COVID-19 Disease Outbreak Forecast

Figure 10. COVID-19 Cases in Pima County by Age Group September 6, 2020 versus September 5, 2021.

 

Summary

  • Arizona continues to experience high levels of community transmission but, in a recent reversal, case rates are now modestly declining. Nevertheless, K – 12 in-person instruction and re-opening of our major universities will continue to put upward pressure on community transmission among children, adolescents, and young adults. Attenuation of improvements are possible in the wake of Labor Day.
    • As of September 5, new cases were being diagnosed at a rate of 259 cases per 100K residents per week. The rate was decreasing by 32 cases per 100K residents per week. Rates are now 19% lower than their August 20th peak of 318 cases per 100K residents.
    • The age distribution of transmission continues to be profoundly shifted towards infections among children <19 years of age. In-person instruction in K -12 schools and universities is continuing to generate school-associated outbreaks and contribute to community transmission. A layered approach with multiple non-pharmacologic interventions is necessary to return students safely to the classroom (https://science.sciencemag.org/content/372/6546/1092).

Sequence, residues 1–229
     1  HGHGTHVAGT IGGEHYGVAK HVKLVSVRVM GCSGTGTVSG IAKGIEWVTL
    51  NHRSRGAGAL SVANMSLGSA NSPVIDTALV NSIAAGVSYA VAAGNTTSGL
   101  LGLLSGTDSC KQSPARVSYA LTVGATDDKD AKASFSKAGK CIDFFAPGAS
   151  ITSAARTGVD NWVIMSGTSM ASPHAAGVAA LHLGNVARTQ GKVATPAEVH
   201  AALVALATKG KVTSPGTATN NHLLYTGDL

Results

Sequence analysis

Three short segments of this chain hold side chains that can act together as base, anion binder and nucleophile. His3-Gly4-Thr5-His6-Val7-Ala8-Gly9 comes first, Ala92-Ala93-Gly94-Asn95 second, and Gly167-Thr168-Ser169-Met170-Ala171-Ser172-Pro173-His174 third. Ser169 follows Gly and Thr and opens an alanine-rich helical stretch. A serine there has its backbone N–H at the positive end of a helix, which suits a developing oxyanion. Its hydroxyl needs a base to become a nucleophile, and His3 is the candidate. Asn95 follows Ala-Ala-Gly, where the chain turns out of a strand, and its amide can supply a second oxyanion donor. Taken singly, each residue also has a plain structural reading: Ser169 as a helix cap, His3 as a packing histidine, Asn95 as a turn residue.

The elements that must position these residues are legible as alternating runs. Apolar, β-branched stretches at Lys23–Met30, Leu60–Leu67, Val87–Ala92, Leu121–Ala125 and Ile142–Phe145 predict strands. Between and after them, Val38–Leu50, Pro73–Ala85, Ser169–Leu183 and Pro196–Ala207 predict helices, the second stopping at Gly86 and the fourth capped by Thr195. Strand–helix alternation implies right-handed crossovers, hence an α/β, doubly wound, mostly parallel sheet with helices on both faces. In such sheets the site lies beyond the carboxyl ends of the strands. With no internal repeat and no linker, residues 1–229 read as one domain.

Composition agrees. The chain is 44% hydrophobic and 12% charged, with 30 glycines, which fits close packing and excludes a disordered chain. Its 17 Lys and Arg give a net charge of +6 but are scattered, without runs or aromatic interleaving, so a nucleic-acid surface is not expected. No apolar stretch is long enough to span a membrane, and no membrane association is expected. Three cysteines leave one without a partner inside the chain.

• Vaccination remains the most important public health priority to reduce viral spread and severe illness in the long run; however, mask mandates, restrictions on indoor gatherings, and targeted business mitigations are still needed to speed reductions in transmission and prevent a resurgence in the short-term. (https://science.sciencemag.org/content/372/6549/1439)
  • While COVID-19 hospital occupancy is holding steady, it is likely to exceed 20% of all beds in the general ward and 25% of beds in the ICU for weeks to come. Access to care will remain restricted even on the backside of waning COVID-19 case rates. Expect delays in elective procedures to persist.